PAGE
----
You Are More Than A Human Trash Can

There I was. At the base of a waterfall, at the end of the most beautiful hike I’ve ever taken.



We stopped at the gift shop to enjoy some delicious ice cream. Because grandparents always say yes.


My kids gobbled up their ice cream at a super human pace (we may or may not have underestimated the hiking trail and brought exactly no water or snacks). One by one, as they finished, my kids all handed me their trash.

As they all ran off to play in the gorgeous wide-open space, I looked down and laughed.

I just never expected to be a human trashcan. You know?

Especially when an actual trashcan was right beside me.

A human trash can. Just add that to the list of thankless things I do.

Human cow.
Butt wiper.
Hair brusher.
Carrier of all the things.
Snack giver.
Back scratcher.
Clothes washer.
Grocery getter.
Activities coordinator.
Puke cleaner.
Bedtime sergeant.
Did you use soap? checker.
Song singer.
Covert spinach hider.
Water pusher.
Appointment maker.
Lunch packer.
Chauffeur of The Fight Club. (Obviously, my kids can’t discuss the fight club. That pesky first rule and all. But the back seat brawling tells all.)

Shall I go on?

You know exactly what I am talking about.

You do approximately six million small things everyday to love your family well.
And somehow all six million things go unnoticed.

And if you’re anything like me, it’s very hard feeling unseen and unappreciated.

Evidenced by the fact that I give every ounce of all I have to raising my four people, and yet somehow I can still cry myself to sleep at night replaying all the ways I have failed that day.

It makes absolutely no sense how I can do my very best yet never feel like my best is enough. And I know I am not alone in this.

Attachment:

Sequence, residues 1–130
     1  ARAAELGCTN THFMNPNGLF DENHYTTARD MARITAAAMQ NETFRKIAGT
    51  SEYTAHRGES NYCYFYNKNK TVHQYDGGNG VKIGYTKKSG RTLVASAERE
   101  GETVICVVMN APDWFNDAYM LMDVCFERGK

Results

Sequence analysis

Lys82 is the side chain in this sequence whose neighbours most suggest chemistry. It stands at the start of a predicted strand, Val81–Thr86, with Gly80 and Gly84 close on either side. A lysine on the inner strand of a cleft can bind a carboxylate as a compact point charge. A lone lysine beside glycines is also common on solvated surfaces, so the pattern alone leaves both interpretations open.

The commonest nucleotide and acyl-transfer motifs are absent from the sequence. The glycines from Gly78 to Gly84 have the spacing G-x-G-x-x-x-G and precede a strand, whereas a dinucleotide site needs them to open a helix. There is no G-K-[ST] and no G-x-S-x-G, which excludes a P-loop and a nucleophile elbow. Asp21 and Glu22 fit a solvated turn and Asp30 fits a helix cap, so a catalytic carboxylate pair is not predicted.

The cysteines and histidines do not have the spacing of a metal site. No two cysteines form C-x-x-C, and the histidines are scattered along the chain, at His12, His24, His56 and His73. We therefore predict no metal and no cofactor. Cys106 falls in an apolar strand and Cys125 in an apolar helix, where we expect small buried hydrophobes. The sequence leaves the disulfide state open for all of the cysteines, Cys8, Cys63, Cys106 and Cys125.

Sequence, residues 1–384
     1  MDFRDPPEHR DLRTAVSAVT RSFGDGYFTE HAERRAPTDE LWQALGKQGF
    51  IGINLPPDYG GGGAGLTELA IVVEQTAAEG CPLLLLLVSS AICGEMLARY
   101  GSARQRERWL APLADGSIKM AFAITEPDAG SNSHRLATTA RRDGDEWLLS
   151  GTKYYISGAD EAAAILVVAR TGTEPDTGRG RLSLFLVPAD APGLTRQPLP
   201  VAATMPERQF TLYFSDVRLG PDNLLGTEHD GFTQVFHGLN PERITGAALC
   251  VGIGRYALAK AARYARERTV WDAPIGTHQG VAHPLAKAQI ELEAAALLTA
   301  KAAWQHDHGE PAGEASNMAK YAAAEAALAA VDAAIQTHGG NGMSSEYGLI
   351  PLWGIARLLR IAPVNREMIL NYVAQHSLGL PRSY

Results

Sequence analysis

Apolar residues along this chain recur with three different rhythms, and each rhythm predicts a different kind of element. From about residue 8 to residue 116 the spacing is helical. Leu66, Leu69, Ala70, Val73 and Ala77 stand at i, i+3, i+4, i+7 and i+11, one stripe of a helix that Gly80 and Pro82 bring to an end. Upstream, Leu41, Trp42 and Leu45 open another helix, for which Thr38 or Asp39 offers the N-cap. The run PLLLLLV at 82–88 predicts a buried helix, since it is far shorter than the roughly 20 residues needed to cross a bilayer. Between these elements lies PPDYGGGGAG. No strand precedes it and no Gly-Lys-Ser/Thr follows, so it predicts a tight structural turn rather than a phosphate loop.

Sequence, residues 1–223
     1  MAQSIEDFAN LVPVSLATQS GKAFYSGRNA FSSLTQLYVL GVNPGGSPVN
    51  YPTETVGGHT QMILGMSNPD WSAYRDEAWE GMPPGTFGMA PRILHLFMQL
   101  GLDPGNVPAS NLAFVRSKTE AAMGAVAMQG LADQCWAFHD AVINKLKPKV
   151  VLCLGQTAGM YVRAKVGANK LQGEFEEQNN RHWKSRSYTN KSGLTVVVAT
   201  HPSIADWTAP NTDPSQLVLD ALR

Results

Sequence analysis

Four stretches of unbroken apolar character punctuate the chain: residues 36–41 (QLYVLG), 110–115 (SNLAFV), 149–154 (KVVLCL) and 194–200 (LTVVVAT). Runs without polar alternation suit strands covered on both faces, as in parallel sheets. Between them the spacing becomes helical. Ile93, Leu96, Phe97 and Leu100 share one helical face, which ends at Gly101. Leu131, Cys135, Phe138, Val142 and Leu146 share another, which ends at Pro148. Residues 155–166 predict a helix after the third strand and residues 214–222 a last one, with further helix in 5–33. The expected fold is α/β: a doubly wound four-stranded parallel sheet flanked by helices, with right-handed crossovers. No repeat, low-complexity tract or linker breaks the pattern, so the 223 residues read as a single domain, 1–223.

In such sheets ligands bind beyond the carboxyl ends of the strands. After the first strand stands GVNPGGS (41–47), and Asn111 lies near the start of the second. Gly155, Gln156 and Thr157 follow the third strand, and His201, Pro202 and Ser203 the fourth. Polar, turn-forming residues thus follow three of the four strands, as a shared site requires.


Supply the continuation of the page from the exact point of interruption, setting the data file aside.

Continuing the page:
But, as I sat at the base of the waterfall that day, watching my kids run wild, I was overcome with the assurance that being a human trash can matters. So to speak.

The six million thankless jobs matter.

Think about the Great Wall of China. It took over three billion bricks to complete the wall. No one individual brick is all that impressive, but the culmination of them is magnificent.

And that’s exactly what you are doing.

Each time you do yet another thankless task, you are building something spectacular. You are investing in a relationship that will echo for generations to come. The little daily parts of raising kids that feel so very daily are actually way more valuable than we think.

Being a human trash can matters. Because you are so much more than a human trash can.

On the surface, it seems like ill-mannered short people throwing their discarded goods your way. But look a little deeper. You are the only person with whom they have this level of comfort. You are safe. You are predictable. You are a place where they belong and are known.

There is no love like a mother’s love.

And to get to serve your family in six million little ways is sacred work.
It’s hard work.
It sucks oftentimes sometimes.
But it’s sacred. And it matters.

You don’t have to be thanked for what you’re doing to count.
Every minute of lost sleep. Every moment of cleaning up the bodily fluids that flow so freely. Every mopped floor. Every dinner cooked. Every small sacrifice is building love, confidence, security, and belonging into the heart and mind of your children.

Do not despise the things that no one sees, appreciates, or thanks you for.
Because your children do see. They cannot begin to comprehend what you do in a given day, but their hearts affirm that what you do is important.

Greatness happens one brick at a time. One small act of love at a time.

Mama, do not lose heart today. The endless list of what needs to be done and who needs what can be overwhelming. You’re not just completing a to-do list. You’re building something spectacular.

Brick by brick.

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Photo cred


One thought on “You Are More Than A Human Trash Can

  1. Beautiful words! And as my youngest enters into her senior year of HS and as my oldest has been now married 7 months, I tell you, it’s all worth it! A few weeks after mother’s Day my girls took me to lunch and along with us, the 3 and 5 year old boys we watch…We made it through lunch, with them being hot dogs, etc..the girls were going to go pay, Kristianna says “I’ll come with you”, Kaitlynn says “but we can’t leave mom with the boys”, I piped in “uh, hello, I did raise the both of you, I’m pretty sure I can get them out of their seats and towards the door”. Kaitlynn then says “and I don’t know how you did it”. LOL. YES! They do pay attention and someday will realize all that we did/do for them.


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